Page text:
am I missing something, or are permissions always preserved?

Ben bench at
Wed Jan 1 22:24:22 EST 2003

I'm not sure what POSIX calls for, but on both Linux and AIX (the two
unix OSes I have access to) I can leave off the mode arg when calling
open(2). Granted, doing so gives me a mode that normally isn't so good,
but in my case this would be fine, as I have samba forcing modes to be
what I want them to be.

However, after looking into this more, it turns out that samba
apparently causes chmod(2) to fail _only_ when trying to set modes
S_ISUID, S_ISGID, or S_ISVTX. Trying to set these modes in open(2), or
trying to set any other modes in open(2) or chmod(2), silently fails
without raising an error.

So while this might well be a samba problem, it could be avoided if
rsync behaved as I would expect it to. The original files do indeed have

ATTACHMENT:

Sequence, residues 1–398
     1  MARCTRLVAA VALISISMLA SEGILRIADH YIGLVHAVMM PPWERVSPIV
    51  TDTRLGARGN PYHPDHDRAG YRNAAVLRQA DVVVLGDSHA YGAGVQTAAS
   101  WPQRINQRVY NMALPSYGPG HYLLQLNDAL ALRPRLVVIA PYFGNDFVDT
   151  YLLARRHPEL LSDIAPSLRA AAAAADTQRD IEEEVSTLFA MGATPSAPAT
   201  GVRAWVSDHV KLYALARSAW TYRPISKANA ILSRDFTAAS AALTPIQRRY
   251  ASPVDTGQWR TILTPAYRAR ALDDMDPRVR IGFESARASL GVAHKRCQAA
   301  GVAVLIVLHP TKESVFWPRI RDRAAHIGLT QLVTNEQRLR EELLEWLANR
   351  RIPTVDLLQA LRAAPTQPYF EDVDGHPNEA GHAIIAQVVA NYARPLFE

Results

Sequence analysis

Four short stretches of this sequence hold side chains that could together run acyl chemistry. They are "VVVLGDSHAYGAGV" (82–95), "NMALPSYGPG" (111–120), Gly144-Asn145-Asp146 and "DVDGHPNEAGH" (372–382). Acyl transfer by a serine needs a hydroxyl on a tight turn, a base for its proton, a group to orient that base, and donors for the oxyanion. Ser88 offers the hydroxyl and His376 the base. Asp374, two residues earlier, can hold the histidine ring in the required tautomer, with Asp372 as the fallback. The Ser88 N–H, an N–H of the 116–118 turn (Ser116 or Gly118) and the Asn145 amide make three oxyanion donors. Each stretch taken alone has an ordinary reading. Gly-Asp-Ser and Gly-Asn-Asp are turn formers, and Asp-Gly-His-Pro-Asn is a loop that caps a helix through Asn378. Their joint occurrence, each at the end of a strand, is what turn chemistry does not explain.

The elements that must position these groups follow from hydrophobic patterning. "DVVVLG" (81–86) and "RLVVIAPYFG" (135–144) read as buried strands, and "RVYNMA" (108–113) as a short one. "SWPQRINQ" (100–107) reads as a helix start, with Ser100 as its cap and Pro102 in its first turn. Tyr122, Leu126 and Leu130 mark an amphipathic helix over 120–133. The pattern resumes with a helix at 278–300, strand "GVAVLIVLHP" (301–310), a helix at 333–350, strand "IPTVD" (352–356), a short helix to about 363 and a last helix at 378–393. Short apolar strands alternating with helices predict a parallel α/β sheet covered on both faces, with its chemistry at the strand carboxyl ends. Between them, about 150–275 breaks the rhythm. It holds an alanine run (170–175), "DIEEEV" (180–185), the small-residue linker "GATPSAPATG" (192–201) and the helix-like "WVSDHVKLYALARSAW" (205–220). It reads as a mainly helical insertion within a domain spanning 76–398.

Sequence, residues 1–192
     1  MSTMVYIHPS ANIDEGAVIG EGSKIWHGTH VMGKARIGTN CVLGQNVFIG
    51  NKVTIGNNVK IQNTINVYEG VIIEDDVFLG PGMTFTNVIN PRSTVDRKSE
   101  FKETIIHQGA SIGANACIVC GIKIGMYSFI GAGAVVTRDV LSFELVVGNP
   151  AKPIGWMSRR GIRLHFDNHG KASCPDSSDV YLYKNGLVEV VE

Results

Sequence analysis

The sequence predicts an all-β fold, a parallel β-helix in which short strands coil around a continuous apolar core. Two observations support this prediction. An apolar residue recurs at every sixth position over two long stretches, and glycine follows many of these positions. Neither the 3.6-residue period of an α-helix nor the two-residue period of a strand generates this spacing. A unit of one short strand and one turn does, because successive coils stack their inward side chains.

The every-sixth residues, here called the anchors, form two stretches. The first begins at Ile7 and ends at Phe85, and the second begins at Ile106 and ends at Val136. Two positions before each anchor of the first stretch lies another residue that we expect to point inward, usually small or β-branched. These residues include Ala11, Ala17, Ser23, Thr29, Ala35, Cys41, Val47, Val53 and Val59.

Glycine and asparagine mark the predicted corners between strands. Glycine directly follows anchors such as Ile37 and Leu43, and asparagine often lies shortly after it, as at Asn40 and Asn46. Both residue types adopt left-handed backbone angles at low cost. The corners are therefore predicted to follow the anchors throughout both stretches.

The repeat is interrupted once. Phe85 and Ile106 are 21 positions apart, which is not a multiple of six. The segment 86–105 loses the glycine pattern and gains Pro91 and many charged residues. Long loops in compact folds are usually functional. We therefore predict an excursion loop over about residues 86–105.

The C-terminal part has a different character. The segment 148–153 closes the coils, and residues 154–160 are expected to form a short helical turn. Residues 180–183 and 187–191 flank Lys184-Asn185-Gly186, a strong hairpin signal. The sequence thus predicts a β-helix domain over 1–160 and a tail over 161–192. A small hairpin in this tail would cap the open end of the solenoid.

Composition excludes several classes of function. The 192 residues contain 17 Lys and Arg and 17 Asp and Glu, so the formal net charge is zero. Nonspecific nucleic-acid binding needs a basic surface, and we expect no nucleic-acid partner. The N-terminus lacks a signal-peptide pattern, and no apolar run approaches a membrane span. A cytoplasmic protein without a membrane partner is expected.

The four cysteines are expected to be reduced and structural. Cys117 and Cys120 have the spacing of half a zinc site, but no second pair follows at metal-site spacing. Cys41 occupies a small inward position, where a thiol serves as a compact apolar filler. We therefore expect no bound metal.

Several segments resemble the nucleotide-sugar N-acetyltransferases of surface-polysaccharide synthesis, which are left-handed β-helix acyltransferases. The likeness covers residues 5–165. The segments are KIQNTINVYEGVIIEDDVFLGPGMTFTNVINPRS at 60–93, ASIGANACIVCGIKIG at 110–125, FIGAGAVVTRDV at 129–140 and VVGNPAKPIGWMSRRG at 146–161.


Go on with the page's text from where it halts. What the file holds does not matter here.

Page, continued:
S_ISGUID set on them, but I don't see why rsync should try to preserve
this if I didn't tell it to preserve permissions.

On Wed, 2003-01-01 at 07:13, Green, Paul wrote:
> Ben [mailto:bench at]
> > I'm relatively new to rsync, but it seems to me that if there's an
> > option to perserve permissions and you don't set it, then rsync
> > shouldn't do anything with permissions.
> Sounds good, but recall how POSIX / Unix system calls work. To create a
> file, you have to specify what mode (permission) it should have.  There is
> no way to tell creat() or open() to "do the default thing."
> I think a case could be made that this is a defect / incompatibility in the
> underlying file system layer that issues complaints about permissions.
> Before I attempted to code any kind of a fix, I'd sure want to read the
> specs of this layer and understand how the designers thought this problem
> should be approached.
> Thanks
> PG
> --
> Paul Green, Senior Technical Consultant, Stratus Computer, Inc.
> Voice: +1 978-461-7557; FAX: +1 978-461-3610; Video on request.
> Speaking from Stratus not for Stratus

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